Paolo di Canio at Sunderland: What went wrong?

Blog by: Aditya

Paolo di Canio: didn't last long at Sunderland

Paolo di Canio: didn’t last long at Sunderland

There are some who naturally attract controversy; they just can’t help it. They are the flame to controversy’s moth, and if there was ever one such as this, it is definitely ex-Sunderland manager Paolo di Canio.

Ever since his playing days, the feisty Italian has been “noticeable” to put it mildly. Having played for teams such as Lazio, Juventus, AC Milan, Napoli, Celtic and West Ham United among others, he had been quite the journeyman. But, it seems, controversy is his constant companion, and he carried it along wherever he went. His career has seemingly oscillated between “genius player” to “controversy-courting fascist”.

Two instances from his playing career typify and summarise this trait. The first is a testament to the Italian’s talent – while playing for West Ham in a league match versus Wimbledon F.C.(now rechristened Milton Keys Dons), di Canio produced a moment of magic that still makes football fans gasp in admiration, and makes Hammers fans sigh with fond remembrance. Receiving the ball from the right, di Canio struck it on the volley with both feet off the ground, seemingly defying the laws of physics by producing that much power from such a position. The goal was, rightly, voted as the Premiership’s goal of the decade by Sky Sports’ fans in December 2009.

The other incident sums up the controversial nature of di Canio’s playing career. The Italian, a self-confessed fascist, made the infamous “fascist salute” on at least two well-documented occasions while playing for Lazio. He stated that it was a “form of expressing a bond with the Lazio fans (a large part of whom profess the right-wing ideologies)”.

When di Canio moved into management in 2011, it was thought that age might have mellowed the Italian, or at least given him much-needed perspective; but it was to no avail. After his tumultuous, yet successful, spell at Swindon Town, di Canio was catapulted to the big-time league, so to speak, when Sunderland’s owner and chairman Ellis Short decided to replace outgoing Martin O’Neill. This time around, di Canio made his impact on the club even before he set foot into the club, with former UK Foreign Secretary David Miliband resigned from his positions as vice-chairman and non-executive director of Sunderland in protest. This might have well been an omen for things to come.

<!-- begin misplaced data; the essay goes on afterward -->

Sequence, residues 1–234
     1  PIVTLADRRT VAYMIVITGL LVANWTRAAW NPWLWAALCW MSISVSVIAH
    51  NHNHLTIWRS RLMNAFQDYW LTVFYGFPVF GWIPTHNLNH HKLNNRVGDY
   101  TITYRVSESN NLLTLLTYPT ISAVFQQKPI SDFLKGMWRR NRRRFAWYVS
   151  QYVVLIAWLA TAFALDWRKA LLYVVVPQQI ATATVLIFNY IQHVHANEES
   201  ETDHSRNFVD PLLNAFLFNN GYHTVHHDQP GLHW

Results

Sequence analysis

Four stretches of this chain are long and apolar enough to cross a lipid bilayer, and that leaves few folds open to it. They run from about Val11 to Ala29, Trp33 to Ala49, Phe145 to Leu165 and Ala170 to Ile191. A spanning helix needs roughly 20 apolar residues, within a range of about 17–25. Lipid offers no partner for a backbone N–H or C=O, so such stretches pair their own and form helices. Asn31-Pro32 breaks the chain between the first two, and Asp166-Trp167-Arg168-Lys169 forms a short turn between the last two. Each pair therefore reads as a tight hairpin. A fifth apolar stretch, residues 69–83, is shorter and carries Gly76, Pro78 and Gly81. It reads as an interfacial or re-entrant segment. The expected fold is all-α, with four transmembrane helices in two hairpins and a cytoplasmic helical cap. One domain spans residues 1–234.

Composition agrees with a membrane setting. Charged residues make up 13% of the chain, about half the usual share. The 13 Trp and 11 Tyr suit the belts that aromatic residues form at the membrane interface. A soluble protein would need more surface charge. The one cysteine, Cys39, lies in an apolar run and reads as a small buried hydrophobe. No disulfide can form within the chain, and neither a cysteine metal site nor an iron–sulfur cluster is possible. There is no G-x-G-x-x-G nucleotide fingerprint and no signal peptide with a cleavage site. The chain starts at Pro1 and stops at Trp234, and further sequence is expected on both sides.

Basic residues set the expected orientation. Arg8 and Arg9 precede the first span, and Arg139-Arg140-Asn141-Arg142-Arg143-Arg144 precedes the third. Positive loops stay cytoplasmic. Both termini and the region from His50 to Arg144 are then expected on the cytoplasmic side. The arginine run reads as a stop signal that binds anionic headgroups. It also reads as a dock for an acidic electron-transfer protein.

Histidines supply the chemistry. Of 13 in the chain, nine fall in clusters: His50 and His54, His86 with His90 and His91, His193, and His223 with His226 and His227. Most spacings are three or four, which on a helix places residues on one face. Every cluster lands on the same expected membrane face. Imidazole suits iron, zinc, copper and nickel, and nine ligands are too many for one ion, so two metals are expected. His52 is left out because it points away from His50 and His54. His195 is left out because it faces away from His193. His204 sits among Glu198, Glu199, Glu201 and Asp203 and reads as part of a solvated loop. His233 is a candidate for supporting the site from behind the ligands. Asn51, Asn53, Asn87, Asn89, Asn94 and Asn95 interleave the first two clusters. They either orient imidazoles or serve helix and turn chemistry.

What was good

It was not all bad for the Italian. When he assumed control of Sunderland, they were precariously poised in the league – just one point above the relegation zone. In his first match in charge, he suffered a narrow defeat to Chelsea; but even as Sunderland lost, the fans felt that the team had put up an encouraging showing. His second match in charge though, assured that his time in charge of the club would never end in anonymity, if nothing else.

His Sunderland team beat fierce rivals Newcastle United 3-0 in the Tyne-Wear Derby. That prompted the infamous celebrations by di Canio, all of knee-slides, arm-waving and fist-pumps. Ultimately though, Sunderland beat the drop, and guaranteed Premier League football for another season at least. Many sections of the fans also viewed di Canio’s strict enforcement of discipline as a good thing, believing that the modern-day footballer to be more interested in the luxuries that the game brings, rather than playing.

He enforced curfews and deadlines for the players before matchday and brought-up a strict “do’s and don’t’s” list. It looked like the Italian’s no-nonsense reign would reap dividends in the long run. His focus on fitness was also hailed in many quarters of the game. Sunderland fans also didn’t have to worry about transfer window inactivity as di Canio brought in 14 new recruits, ensuring that the squad will have the required depth to avoid the drop in the new season, and hope for maybe more.